How to decorate a small space at Christmas

How to decorate a small space at Christmas

No space doesn't mean no decorations

We all imagine a lavishly decorated home at Christmas with a huge full-size tree dripping with ornaments, table decorations, arrangements on the mantlepiece, lights and garlands wound around the stairs and lights around pictures. However, the reality is that a huge number of people live in apartments and small houses and there is nowhere to place a lot of extravagant decorative elements. This is where you need to be inventive and maybe make your own decorations specifically to fit a certain space.

Our slim artificial trees take a lot less space than the full-size versions, their bases measure an average of 45ins (114cm) and many of them still have the random outline of a real forest tree. If even this is too large the pencil artificial trees have a base width of only 30ins (76cm) so ideal for popping behind the sofa or in a corner. The pencil trees have the more formal cone shape but nevertheless can still look stunning when fully lit and decorated. For a more contemporary look gather together some large branches, tie them together at the base and either leave them natural or spray with snow or a metallic finish. Wind strings of LED micro lights around the branches, try and find some with the same colour cable as your twigs. Place in the corner of a room and decorate simply with a palette of just 2 or 3 colours. If you find putting colours together a bit of a problem many stores sell packs of colour co-ordinated baubles.   

decorated Christmas tree

 If finding a corner for a floor standing Christmas tree is proving impossible why not make your own and hang it on the wall. They can easily be made at home with something as simple as string and twigs. 

Make a starry night on your ceiling with long strings of LED micro lights. Loop them criss-crossing the ceiling off transparent hooks on sticky pads. You can also use these sticky hooks to hang baubles off the ceiling at differing heights or combine the lights with the decorations; crystal, plain glass and silver work particularly well as they catch the lights and add extra sparkle.

Lights can also be used on the wall with the same hooks to make a contemporary Christmas tree. Wreaths and garlands can be used to great effect in a small space as they can be hung on the wall, strung across a mantlepiece or sideboard, placed on a table, around pictures and mirrors and wound around the spindles of the banister. Avoid winding decorations around the handrail as if you slip and grab the decoration there is a great chance that it will give way.

Group 3 wreaths together on the wall decorated either all the same or in complimentary colours. They can also be laid flat on a table or sideboard with church candles of different heights in the centre; if you’re going to light the candles place them on a flameproof plate. If you don’t want to use candles pile lovely glass baubles and microlights in the centre. Glass baubles and lights can also be piled into a glass vase to create a Christmas side light.  

decorated Christmas wreath

If you live in an old property with a picture rail it gives you a fantastic opportunity to hang decorated garlands. These can be the traditional green garlands decorated and lit with your own baubles and lights or just buy one ready decorated, all they need is dressing out. Screw in small hooks to hold them in place. You don’t even need to hang garlands; multiple strands of LED lights look fantastic and you can always hang some lightweight snowflakes or baubles off the lights.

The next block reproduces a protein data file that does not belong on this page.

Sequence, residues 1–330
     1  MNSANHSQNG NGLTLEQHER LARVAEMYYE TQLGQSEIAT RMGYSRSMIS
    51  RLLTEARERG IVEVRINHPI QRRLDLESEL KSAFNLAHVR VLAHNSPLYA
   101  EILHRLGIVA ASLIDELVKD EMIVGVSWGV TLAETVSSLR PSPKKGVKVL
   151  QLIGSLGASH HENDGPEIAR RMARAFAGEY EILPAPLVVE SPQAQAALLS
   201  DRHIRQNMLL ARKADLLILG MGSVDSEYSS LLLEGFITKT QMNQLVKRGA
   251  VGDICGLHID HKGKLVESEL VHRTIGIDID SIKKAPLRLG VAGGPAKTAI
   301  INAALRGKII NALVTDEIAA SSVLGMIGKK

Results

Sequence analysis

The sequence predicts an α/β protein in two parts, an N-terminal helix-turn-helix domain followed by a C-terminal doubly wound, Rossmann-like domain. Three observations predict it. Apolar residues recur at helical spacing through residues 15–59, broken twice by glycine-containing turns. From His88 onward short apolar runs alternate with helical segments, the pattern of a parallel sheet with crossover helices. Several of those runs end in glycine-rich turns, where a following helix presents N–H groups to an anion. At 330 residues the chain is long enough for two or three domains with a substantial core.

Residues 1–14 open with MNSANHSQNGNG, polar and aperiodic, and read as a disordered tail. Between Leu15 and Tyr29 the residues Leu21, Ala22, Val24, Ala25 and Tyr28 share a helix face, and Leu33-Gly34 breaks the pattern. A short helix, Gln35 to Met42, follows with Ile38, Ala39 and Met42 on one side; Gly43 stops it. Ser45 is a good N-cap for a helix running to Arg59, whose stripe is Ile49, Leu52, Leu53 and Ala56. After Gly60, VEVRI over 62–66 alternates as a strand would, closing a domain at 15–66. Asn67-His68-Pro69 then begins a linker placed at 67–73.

naturally decorated Christmas garland

Lightweight garlands of glittery leaves can be adorned with micro-LED lights. These can be hung on the wall with sticky hooks or again, on a mantlepiece, across a sideboard or down a table. They can also be wound around ornaments on a windowsill. 

If the decorative touches are not your forte and you can’t seem to get it right just keep it simple and buy a lightweight garland of leaves and berries and some battery-operated micro-LED lights. These can then be just wound around a windowsill, along the mantlepiece, along a dining table or sideboard. Even simpler is to buy a pre-lit decorated garland.

Even if you don’t have a garden to decorate you can still adorn the outside of your home. Place a standard bay either side of the doorway and add outdoor LED lights and bows for a modern minimalist alternative Christmas tree. If you have a windowsill plant up a trough with 3 small conical conifers and add lights to each one. Interplant the conifers with small trailing ivies and rich burgundy-coloured pansies.

Have nowhere to place Christmas cards? Run a sparkly thread along the picture rail. Make a twig tree or star and fasten it to the wall and use pegs to attach the cards. If you have a kitchen peg board use that to pin up the cards. You can also run wires or ribbon vertically down the wall or attach the cards to a bundle of branches placed in the corner.

Even though you are stuck for space to have a lavishly decorated pad there are still plenty of opportunities to create your own winter wonderland.

Profile Image Angela Slater

Angela Slater

Daughter of a farmer and market gardener so have always had a connection with the outdoors, whether it was keeping animals or producing fruit, vegetables and cut flowers. Along with my work at Hayes Garden World I also have a smallholding, mainly breeding rare breed pigs. I gained an HND and BSc in Conservation and Environmental Land Management, as a result I am an ardent environmentalist and have a keen interest in environmentally friendly gardening. In my time at Hayes I worked for several years in the Outdoor Plant and Houseplant areas.